This article first appeared at KYUK.org and is republished here with permission.
It’s been almost a year since a third of Newtok’s residents moved away from their eroding village. Nine miles away in Mertarvik, they’ve gained more than just stable ground. Many say that they are healthier and living a more traditional Yup’ik lifestyle.
A slight breeze blows in Mertarvik most days, carrying fresh air from the Bering Sea. Katherine Charles, who moved here last October, says her kids are breathing easier.
“When we were in Newtok, seems like their lungs were always chunky or we could hear them; there’s something in their lungs,” Katherine said. “But ever since we moved here, they hardly get sick.”
Katherine says that’s because the air is better in Mertarvik, both indoors and outdoors.
“My house in Newtok really had bad molding problem,” Katherine said.
Mold is common in Newtok homes. As the permafrost thaws, the entire village sinks, with flooding an expected event in spring and fall. Tribal administrator Andrew John says the air quality in Newtok is bad outdoors because people dump their honey buckets right next to town.
“That stench,” Andrew said. “From the raw sewage that people have nowhere else to dump but the river. And when the sun starts baking and all those fumes get in the air, everybody smells it.”
In Mertarvik, low-flush toilets keep the smell of sewage out of the air. Instead, you breathe in the piney scent of Labrador tea, which flows from the hillside into every yard. Albertina Charles says it’s a plant with medicinal properties.
“That’s why we barely get sick, cause of the Labrador tea,” Albertina said.
She says that the tundra is not just good for your lungs, it’s good for your soul.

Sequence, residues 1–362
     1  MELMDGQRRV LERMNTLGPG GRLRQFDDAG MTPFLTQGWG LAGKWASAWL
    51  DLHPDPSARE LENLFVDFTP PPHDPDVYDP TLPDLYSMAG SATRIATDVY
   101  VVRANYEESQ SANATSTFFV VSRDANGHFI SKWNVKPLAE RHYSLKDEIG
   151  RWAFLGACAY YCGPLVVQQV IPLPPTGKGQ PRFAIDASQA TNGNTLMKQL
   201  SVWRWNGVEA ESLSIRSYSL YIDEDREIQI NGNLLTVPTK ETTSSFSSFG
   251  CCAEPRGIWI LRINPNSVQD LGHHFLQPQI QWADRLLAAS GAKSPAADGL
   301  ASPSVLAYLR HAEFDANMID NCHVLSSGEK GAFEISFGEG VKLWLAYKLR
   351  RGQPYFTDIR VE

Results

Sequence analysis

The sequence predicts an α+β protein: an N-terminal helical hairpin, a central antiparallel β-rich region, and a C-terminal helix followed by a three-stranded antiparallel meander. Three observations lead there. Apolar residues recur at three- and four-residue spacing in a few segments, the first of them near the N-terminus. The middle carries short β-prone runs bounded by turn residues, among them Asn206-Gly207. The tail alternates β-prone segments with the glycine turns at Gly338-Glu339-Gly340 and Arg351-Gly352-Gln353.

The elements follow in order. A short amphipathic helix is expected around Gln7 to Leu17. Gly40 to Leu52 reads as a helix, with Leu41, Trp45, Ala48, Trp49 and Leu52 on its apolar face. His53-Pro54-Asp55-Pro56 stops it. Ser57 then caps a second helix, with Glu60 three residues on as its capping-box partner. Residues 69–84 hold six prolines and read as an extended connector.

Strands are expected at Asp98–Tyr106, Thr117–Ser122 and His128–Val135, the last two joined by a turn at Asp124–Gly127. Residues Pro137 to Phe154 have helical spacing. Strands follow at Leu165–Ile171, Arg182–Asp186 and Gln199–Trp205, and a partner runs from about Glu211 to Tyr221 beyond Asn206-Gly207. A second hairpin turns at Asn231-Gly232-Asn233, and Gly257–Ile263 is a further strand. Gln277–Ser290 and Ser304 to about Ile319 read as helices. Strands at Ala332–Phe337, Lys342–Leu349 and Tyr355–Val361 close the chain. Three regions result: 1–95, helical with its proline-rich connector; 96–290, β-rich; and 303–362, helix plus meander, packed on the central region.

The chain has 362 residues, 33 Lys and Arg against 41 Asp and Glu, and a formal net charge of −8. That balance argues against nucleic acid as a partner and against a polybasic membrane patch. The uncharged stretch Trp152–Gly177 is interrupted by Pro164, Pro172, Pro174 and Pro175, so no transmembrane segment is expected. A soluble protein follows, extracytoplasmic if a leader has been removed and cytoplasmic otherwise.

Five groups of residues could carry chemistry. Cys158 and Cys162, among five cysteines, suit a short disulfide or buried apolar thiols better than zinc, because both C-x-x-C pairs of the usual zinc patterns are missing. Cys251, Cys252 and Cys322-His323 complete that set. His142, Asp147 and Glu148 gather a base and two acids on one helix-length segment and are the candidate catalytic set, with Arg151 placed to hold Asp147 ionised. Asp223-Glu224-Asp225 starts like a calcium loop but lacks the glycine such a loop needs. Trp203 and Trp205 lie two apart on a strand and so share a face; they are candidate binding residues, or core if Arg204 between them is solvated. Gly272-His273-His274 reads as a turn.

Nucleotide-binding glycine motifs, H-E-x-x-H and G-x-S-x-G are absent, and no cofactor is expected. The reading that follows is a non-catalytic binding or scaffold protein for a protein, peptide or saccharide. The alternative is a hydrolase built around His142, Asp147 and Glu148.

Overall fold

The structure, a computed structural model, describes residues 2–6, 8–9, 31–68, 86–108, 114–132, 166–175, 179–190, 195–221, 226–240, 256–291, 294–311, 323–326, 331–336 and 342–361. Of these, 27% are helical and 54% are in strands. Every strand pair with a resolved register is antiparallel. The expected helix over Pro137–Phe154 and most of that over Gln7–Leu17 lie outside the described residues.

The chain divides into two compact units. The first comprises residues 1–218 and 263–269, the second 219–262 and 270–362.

In Newtok, if you step off the boardwalk, the mud sucks you in. But at Albertina’s new home, whenever she feels sad she steps onto the solid tundra, and her sadness fades away.
“No more hurt. Tundra have healings,” Albertina said.
People’s diets have changed in Mertarvik too, according to Lisa Charles.
“Since we moved over here, we’ve started eating a lot more subsistence food since we don’t have access to a store,” Lisa said.
There is a store in Mertarvik, but with no commercial airport it has been sparsely stocked. So without groceries, Lisa says, people in Mertarvik are eating more seal, moose, halibut and salmon. She observes that some of her friends have lost weight, and she’s noticed other benefits too.
“I think we’ve had more energy and improved mood,” Lisa said.
There’s also better access to subsistence activities in Mertarvik. Due to the eroded banks in Newtok, people have a brief window during high tide to get on the river. During the rest of the tide, they are surrounded by mud. Tribal Administrator Andrew John says that this year, some families are suffering as a result.
“There’s a lot of families that haven’t had the opportunity to fill their fish racks completely to prepare for the oncoming winter,” John said.
In Mertarvik, people can get on the river any time of day.
Outside his new home, Teddy Tom is building his dream maqii, or steamhouse. In Mertarvik, he can be on the river whenever he wants. And he can explore because he isn’t trapped in the village by unnavigable mud.
“At the new site we are living more in new lifestyle, what we used to do when I was young. I’m showing it to my sons,” Tom said.
Tom is one of the Newtok Village Council members. He says that they are all trying their best to get the entire village moved over so that they can all begin their new lives in Mertarvik together.
The Newtok Village Council invited KYUK to see how people are living in the new village. Before traveling, KYUK reporters consulted with medical professionals and received negative COVID-19 test results. While in the village, reporters wore masks when invited into peoples’ homes.